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Facilitation Lessons from a First Grade Teacher

connectionMy daughter’s first grade teacher called me the day before school started. She was calling to remind me that the school’s open house was that evening. As we introduced ourselves, we talked about how she and my daughter share the same first name. During our conversation, we also discovered that they share the same middle name, same initials, and same birthday. When they finally met in person that evening, my daughter and her teacher were elated to meet the person with whom they share so much in common. When I dropped my little girl off on her first day at school the next morning, she comfortably greeted her teacher as if they had known one another for years.

At first glance, this connection seems like a fluke. How can any two people who are randomly placed together have this much in common? While this example is extreme, statistically, my daughter’s teacher likely has some biographical information in common with most of her students. Just look at the Birthday Paradox which shows that in a room of only 23 randomly chosen people, there is a 50% chance two of them share a birthday. In a room of 70 people, there is a 99.9% chance two people share a birthday.

Finding this commonality immediately solidified the faith of one young student in her educator. She sees her teacher as a person and not just some authority figure who is making her learn math and take spelling tests. When asked by friends and family how school is going, she enthusiastically talks about how much she likes her birthday twin teacher.

Upon observing the connection made between two strangers who at first glance, appeared to have nothing in common, it occurred to me all trainers and facilitators should be finding connections. Not obvious connections like we are all in the same room or that we share the same frustration with the video conferencing software. Real connections like being signed up for the same race or attending the same university. Sure, we are all linked to Kevin Bacon by no more than six degrees of separation, but if I had Mr. Bacon in a course, I would not focus on our distant connection. Instead I would casually bring up that we both enjoy dancing to Kenny Loggins in spite of local laws.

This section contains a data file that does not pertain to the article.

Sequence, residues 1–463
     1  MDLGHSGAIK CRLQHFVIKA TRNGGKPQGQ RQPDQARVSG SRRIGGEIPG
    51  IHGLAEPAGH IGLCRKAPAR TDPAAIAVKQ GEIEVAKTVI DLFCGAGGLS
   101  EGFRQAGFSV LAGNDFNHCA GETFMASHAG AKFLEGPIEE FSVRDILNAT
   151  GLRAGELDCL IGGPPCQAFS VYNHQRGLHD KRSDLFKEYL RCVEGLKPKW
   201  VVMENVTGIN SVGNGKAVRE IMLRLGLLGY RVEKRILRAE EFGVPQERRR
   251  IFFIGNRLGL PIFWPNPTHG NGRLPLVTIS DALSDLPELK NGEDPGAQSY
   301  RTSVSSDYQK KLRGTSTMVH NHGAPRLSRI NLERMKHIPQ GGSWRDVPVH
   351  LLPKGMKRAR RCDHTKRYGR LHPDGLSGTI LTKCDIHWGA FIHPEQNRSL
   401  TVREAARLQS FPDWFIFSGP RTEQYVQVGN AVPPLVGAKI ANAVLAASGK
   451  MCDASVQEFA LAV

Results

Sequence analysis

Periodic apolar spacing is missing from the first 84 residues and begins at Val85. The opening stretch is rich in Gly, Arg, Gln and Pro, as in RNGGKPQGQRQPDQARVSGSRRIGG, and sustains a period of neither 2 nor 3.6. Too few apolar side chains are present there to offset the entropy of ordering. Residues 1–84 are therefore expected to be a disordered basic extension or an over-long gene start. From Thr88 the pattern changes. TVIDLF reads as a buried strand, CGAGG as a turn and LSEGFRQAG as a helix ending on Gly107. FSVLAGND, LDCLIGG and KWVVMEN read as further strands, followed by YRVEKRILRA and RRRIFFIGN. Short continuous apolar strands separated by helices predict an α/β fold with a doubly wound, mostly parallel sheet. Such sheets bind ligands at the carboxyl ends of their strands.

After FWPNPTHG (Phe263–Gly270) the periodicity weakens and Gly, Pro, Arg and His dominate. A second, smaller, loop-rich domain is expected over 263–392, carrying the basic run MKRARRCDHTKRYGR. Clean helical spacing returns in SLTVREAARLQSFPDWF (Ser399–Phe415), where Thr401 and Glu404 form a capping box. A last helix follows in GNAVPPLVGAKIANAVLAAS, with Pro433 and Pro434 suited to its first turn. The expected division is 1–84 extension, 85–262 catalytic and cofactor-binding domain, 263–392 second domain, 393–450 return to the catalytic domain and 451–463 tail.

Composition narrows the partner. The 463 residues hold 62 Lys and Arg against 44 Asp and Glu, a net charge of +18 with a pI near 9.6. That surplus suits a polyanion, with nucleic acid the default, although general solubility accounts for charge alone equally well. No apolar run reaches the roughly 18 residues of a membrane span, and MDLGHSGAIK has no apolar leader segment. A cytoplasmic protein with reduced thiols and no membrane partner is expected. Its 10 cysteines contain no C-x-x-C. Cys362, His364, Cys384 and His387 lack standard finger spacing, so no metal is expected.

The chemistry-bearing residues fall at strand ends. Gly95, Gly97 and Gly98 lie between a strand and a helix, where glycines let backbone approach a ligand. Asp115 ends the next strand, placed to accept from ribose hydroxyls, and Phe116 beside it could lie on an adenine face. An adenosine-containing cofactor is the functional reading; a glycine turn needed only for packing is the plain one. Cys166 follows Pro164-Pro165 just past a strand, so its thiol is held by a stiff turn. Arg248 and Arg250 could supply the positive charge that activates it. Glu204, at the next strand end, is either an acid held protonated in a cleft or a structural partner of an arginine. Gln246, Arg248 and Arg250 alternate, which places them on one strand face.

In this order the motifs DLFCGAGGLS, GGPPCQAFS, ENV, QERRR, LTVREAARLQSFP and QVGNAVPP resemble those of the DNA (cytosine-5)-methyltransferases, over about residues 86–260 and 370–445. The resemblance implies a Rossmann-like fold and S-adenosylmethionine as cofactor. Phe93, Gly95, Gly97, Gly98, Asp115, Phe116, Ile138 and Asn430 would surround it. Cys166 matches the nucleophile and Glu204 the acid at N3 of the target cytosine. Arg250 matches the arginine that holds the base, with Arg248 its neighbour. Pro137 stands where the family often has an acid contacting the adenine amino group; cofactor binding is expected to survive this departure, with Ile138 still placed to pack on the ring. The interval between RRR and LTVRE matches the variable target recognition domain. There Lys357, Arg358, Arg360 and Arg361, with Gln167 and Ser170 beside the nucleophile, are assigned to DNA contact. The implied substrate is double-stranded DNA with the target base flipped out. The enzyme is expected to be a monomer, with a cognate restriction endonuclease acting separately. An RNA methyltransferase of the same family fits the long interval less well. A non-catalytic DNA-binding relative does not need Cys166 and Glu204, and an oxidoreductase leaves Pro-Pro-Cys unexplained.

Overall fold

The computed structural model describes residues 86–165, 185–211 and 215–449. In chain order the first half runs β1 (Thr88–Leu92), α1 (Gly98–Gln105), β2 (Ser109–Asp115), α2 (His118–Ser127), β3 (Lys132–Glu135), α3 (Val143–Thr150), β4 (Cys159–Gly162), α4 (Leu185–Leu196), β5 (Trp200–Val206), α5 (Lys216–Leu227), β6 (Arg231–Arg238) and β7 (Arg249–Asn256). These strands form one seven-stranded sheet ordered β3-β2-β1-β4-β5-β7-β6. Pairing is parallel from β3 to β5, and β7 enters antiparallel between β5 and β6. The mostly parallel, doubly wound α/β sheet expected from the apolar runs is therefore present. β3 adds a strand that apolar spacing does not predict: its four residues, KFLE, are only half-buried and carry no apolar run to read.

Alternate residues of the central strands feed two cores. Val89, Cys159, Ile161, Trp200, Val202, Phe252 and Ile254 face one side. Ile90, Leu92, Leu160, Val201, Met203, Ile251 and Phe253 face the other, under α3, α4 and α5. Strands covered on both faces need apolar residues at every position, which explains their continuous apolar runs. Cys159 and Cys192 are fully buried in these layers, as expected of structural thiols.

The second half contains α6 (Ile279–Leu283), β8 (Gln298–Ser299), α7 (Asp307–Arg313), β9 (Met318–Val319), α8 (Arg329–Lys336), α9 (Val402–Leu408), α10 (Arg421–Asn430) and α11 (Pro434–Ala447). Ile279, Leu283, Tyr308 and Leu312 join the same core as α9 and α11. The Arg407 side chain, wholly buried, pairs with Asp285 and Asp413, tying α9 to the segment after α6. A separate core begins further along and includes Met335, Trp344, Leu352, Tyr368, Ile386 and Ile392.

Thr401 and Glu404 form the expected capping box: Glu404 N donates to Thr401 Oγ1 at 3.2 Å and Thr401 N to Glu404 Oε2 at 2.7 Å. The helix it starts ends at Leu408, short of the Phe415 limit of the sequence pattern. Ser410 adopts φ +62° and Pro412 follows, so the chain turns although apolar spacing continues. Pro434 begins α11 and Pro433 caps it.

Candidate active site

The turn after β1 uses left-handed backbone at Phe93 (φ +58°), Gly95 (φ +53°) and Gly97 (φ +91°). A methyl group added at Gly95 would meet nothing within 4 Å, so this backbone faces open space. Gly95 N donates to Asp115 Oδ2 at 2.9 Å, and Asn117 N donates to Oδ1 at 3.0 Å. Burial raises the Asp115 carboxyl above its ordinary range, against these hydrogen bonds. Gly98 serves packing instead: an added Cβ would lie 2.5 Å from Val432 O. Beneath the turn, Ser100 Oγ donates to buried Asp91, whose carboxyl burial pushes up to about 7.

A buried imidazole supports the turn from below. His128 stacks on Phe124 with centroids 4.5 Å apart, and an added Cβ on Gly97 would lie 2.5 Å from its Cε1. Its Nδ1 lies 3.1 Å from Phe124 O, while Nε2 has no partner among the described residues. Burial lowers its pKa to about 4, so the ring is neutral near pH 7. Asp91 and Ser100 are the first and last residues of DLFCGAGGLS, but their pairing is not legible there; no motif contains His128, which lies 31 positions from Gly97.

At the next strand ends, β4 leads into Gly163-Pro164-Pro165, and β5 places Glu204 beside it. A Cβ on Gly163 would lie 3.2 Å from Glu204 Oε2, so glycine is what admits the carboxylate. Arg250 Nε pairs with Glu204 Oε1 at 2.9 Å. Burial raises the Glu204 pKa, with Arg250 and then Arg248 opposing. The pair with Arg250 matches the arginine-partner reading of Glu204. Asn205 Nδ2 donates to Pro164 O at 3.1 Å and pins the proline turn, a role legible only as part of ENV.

Short of Googling all of our participants, how do find these common grounds? You have to be intentional about finding these connections. In other words; listen and pay attention!  During an icebreaking activity I recently participated in, I heard a few people mention CrossFit, Toastmasters, and Montana.  When it was my turn to speak, I made sure to mention that I am a CrossFitting Toastmaster from Montana. As time went on, I continued to find commonalities with others. The more I connected with these participants, the easier our rapport. This is not only advantageous for learners’ empathy and trust in you, but it is also beneficial to the person standing in the front of the room. It is much easier to talk to a group of friends than a group of strangers.

Never underestimate the power of connection. As I watch my daughter feel a kinship with a person she did not know at the beginning of last week, I see her passion for learning and doing well increase every day. I hope to find that kind of connection with everyone I train!  How do you connect with others? Let’s talk about it in the chat!


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